Flying under the radar

You would have to be living under a rock not to notice all the television and internet buzz this past month about the recently released movie, the “Golden Compass”. The fears about this movie are wrapped up in the authors’ atheism (Phillip Pullman) and his desire to attack, undermine and destroy the Christian faith. Of course attempting to do all of that under the guise of using a children’s story.

Because of this, there are many well-meaning people of faith who are urging us all to boycott the film. (I belong to a Facebook group that challenges that notion – click here to view many helpful resources to properly engage the film). There may be other reasons not to see the film (the reviews of the movie have been less than stellar), but the movie’s “ideas” should not be one of those reasons. For every Golden Compass movie, that reveals it’s naked ambition to insult and attack our faith, there are THOUSANDS of movies, t.v. shows and songs that assault our faith everyday. The problem is that they go unnoticed. They are too clever to reveal their agenda. They fly right under our radar screen.

Movies and other media that are more subtle than the Golden Compass do more damage. Since they fly under our radar, our guard is down and therefore we don’t critically engage what we see and listen to.

If you are my age, you most likely remember the movie “Footloose”. Footloose was a movie released in 1984 and it was an instant hit. Here is an excerpt from the New York Magazine piece about Footloose and it’s inclusion on the the ten most anti-Christian Movies of all time. –

“Despite its canonical status as an eighties classic, we’re willing to bet that if an original script like Footloose — in which fun-loving teen Kevin Bacon arrives in a small town where preacher John Lithgow has banned rock music and dancing — landed on a Hollywood exec’s desk today, they’d be too afraid to produce it, lest it offend some key demographic. It’s Lithgow’s villain who really makes the movie: Soft-spoken and patronizing when he’s not spitting out the fire and brimstone (“He’s testing us!!”), his performance is a bone-chilling portrait of smug self-righteousness and could easily blend in among any number of Sunday-morning-TV preachers. The only thing missing is a bad hairpiece.”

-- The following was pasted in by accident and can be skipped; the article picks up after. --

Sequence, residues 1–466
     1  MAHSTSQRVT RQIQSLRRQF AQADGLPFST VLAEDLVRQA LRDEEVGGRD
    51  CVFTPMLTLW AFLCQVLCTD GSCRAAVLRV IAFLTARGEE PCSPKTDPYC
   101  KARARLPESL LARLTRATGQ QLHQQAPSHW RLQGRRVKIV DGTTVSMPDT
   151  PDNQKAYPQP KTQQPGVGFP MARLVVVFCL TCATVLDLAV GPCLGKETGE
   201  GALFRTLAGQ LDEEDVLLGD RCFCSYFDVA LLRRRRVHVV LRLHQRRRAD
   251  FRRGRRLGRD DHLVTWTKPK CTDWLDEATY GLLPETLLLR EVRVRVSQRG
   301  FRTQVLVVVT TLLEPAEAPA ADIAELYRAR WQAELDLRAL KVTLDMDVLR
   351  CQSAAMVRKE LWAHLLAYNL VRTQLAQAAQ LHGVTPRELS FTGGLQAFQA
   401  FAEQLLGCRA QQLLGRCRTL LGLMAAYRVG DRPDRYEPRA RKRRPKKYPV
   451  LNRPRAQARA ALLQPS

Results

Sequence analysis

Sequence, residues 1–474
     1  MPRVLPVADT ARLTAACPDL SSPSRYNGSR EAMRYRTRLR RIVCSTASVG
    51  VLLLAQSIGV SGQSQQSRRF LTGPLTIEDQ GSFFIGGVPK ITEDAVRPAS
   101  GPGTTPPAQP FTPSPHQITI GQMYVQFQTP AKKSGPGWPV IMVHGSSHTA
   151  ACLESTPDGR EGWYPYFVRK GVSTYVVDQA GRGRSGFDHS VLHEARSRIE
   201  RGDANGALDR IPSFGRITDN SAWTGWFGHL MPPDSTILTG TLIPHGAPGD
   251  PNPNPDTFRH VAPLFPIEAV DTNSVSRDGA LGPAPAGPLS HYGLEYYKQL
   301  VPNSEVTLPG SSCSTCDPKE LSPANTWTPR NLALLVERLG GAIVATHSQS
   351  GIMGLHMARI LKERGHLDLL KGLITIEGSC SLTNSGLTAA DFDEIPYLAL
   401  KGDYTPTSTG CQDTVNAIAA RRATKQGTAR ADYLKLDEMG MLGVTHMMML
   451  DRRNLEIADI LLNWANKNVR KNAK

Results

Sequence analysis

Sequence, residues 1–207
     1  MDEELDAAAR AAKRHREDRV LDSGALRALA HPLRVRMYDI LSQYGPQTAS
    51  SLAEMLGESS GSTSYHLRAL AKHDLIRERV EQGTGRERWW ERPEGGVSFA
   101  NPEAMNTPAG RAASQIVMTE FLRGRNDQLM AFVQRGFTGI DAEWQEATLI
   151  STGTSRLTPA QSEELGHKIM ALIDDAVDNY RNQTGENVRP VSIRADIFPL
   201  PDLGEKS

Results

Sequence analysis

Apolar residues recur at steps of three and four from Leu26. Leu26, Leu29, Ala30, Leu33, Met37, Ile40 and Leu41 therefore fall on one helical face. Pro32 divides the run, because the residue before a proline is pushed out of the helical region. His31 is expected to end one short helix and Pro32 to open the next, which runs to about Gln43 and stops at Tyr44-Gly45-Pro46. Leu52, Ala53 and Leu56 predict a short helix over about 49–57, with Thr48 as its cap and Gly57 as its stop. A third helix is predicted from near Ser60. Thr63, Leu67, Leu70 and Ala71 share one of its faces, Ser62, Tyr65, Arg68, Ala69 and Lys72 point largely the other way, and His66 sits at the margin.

(HT: The Ten Most Anti-Christian Movies of All Time — Vulture — Entertainment & Culture Blog — New York Magazine)

Movies such as Footloose and the other’s mentioned on the list slip right past us. No one is organizing a boycott. No one is warning others against those films. We just go and get entertained. We tap our foot with the music and we sing along. And yet, a movie like Footloose propagates the idea that our faith in Christ is bound up and enslaved by rules (legalism). Footloose also reinforces all the worst in negative stereotypes and it strips clean any notion of grace, love or virtue from our faith. Therefore I believe (uncritically) inviting a movie like Footloose into our affections does potentially more harm than a hundred Golden Compass movies combined.

Boycotts against the Golden Compass, and the next Golden Compass that comes along, allow us to miss the point. Cherry picking movies to boycott allows us to believe that we can be protected from the world and it’s schemes by just ignoring a couple of blatantly offensive movies. No. We are constantly inundated with media and pop-culture. And unless you live in a cave, it is important that we critically engage the culture with a well informed Biblical worldview rather than merely close ourselves up from it.

Actually if we, as Christians, are true to our Kingdom mandate, we would not merely respond to culture, but rather we would SHAPE it….but I leave that idea for another blog post.


6 thoughts on “Flying under the radar

  1. Why must Christians be so defensive about their faith? It’s just a movie.
    Can’t Christians just accept that there are people out there who have different beliefs?
    I think it’s really lame to boycott things which challenge your opinions.
    Surely, if you truly believe in your faith, you wouldn’t care about a silly movie?

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  3. Owen, those who are protesting this movie by no means constitute the majority of the Christian population. Many of us choose to respond to it rather than block it out completely.

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